Oh.

I don’t even know how to title this post. “Oh” says it all. Please allow me elucidate on the circumstances that threaten to bring me to total grief.

Anyone who knows my father knows that he is anti-house help. He grew up washing his own clothes, walking where ever he needed to go, weeding, farming, fetching water, you name it. Despite traveling to America and becoming a pilot, this man has refused to honor the time honored rituals of the “returnee”, which says “Hei! You’ve been to America. You’re a big man now. You don’t wash your own clothes”. Returnee or NOT, Ghanaians of a certain stature always have someone to help them in the house. Shoot, even the ridiculously poor will capture somebody else’s child by some derelict means and force them into servitude.

While all my other friends are always eager to go home to Ghana because: a driver will drive them around town; a ‘gateman’ will open the gate to  give access to their premises; a maid will cook and bring breakfast to the room; somebody in the house will iron their clothes – I, Malaka Gyekye, know that that fate does not and never will apply to me. My father doesn’t hire help to do what he can do himself. I, Malaka Gyekye, am sitting here looking at a massive pile of laundry that has been accumulating over the last 3 weeks. And there is no one here to wash it. No one but ME.

Ebei.

Washing clothes in Africa is no easy task. Even with my faithful washer and dryer in Atlanta, which do everything automatically for me – from measuring the water to determining the rinse cycle – I STILL hate doing laundry. Now here I sit in Adenta with no running water and six loads of laundry. All of which I, Malaka Gyekye, must wash by hand.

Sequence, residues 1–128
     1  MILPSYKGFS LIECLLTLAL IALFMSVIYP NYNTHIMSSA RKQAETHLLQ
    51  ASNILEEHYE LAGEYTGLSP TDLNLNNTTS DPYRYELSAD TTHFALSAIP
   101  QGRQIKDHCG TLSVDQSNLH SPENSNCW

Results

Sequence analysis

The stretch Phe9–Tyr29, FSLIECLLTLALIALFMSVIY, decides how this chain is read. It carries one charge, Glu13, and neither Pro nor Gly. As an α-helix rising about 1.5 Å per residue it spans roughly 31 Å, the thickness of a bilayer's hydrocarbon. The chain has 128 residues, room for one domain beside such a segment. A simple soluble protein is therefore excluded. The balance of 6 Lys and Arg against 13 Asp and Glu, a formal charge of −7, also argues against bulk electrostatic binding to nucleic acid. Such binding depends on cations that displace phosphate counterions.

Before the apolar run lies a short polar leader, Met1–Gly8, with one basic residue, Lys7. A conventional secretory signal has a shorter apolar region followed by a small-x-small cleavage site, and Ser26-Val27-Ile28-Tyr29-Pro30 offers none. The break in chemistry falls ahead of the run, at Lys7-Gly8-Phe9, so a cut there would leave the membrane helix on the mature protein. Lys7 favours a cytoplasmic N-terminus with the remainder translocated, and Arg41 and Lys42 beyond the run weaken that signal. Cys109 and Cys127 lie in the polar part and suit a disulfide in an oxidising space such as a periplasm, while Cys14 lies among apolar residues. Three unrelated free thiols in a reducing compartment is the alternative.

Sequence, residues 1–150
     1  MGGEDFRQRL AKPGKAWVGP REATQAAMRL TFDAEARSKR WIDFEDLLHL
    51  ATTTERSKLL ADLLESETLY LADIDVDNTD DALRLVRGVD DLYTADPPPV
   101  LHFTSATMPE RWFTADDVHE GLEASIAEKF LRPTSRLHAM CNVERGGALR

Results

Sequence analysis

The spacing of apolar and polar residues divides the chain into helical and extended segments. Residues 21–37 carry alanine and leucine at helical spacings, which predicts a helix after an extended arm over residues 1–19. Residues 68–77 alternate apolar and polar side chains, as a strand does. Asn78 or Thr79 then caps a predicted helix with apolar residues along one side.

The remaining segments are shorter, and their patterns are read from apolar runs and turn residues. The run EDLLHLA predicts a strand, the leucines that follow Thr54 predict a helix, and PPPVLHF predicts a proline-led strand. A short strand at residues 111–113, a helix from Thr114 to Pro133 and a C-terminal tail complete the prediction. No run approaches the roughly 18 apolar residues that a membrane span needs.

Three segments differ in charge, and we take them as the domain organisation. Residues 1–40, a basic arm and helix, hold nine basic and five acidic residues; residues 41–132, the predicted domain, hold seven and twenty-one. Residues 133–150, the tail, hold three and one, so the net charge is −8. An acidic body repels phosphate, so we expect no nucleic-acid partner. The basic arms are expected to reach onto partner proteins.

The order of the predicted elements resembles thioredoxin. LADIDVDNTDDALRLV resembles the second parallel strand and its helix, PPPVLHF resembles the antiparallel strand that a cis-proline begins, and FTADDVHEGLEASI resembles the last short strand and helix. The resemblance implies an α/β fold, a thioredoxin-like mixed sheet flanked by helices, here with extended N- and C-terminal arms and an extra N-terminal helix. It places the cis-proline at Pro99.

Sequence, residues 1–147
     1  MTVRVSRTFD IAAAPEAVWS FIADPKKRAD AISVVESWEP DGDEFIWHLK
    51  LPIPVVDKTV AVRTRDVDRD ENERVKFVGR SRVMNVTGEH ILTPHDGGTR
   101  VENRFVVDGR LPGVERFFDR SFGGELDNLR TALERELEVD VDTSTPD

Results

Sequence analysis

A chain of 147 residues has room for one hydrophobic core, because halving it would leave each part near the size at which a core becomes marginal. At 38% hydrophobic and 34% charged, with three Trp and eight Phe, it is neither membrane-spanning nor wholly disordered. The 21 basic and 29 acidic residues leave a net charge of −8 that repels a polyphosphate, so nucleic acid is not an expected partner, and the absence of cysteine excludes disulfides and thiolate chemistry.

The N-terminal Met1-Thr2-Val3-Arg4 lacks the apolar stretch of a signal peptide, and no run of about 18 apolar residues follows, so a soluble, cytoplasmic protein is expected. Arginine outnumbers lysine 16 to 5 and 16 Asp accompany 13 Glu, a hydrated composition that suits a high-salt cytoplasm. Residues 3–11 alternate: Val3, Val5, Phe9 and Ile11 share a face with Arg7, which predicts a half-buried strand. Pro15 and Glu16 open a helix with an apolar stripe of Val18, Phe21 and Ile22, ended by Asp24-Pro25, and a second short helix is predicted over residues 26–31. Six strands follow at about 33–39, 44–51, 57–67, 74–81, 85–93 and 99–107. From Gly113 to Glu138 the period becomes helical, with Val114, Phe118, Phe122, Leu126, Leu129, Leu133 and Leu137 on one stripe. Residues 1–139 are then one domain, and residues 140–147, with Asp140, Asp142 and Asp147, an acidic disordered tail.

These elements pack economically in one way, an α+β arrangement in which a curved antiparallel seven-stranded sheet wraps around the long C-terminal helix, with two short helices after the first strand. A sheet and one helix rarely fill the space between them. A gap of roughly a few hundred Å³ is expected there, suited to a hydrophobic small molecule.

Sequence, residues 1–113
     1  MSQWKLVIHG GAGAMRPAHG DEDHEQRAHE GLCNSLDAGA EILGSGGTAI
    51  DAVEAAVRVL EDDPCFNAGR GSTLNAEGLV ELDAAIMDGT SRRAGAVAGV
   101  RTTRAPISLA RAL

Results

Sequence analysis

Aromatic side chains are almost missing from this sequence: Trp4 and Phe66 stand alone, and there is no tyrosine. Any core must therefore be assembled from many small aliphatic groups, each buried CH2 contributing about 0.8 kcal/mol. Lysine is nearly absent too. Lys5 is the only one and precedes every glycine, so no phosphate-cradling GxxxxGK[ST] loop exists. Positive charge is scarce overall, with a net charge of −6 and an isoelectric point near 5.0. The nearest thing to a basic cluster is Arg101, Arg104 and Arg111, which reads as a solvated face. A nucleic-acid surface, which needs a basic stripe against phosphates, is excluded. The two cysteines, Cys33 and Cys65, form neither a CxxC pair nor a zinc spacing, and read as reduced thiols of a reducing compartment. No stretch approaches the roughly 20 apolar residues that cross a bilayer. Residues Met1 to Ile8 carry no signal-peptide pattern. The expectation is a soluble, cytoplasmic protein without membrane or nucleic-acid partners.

Oh.

First, I’ll have to make sure there is enough water in the tank. If there is, I’m relatively set. Hmmm, but if there isn’t! – we’re in big trouble. I will either have to wait for it to rain and turn the barrels over to collect the rain water OR, I’ll have to find the tso-tso-tso boys who drive around the area selling water. (At 30 bucks a pop!) 3 basins will be needed. One to wash, one to pre-rinse, and one for the final rinse “cycle”.

Because water is so precious, I will have to wash all the clothes in the same water, lighter clothes first: Whites, then blues/blacks, then reds. It’s back breaking work. I’ll have to bend over, waist down,  in the hot sun on a concrete platform designated for washing. I’ll have to wring each garment by hand. I’ll have to hang each item on the line, skillfully shooing away flies and praying I don’t die of heat exhaustion and dehydration. I’ll be dehydrated from sweating and crying. The sweat and tears will mingle with swirling mass of wet clothing before me. I’ll cry until the task is complete. Have you ever wrung wet jeans by hand before? You’d weep as well.

Once I’m done washing the clothes, I’ll then have to wash each basin, making sure there is no soapy residue or dye from the clothing that might sully the next wash. There is poor drainage in this area, which means I’ll then have to sweep (with a stiff broom that has no handle – you figure that one out) the concrete platform so that the water doesn’t become stagnant and attract a myriad of colorful, enormous African insects.

OH!

What is this fresh manicure I’ve just gotten for? Nothing – because I have NO clothes to wear, and in order to dress myself for a potential outing, I’ll have to ruin said pedicure with the arduous task of washing by hand.

OH!!

I’m just not certain what to do.

Oh.

Yours confusedly,

Malaka Gyekye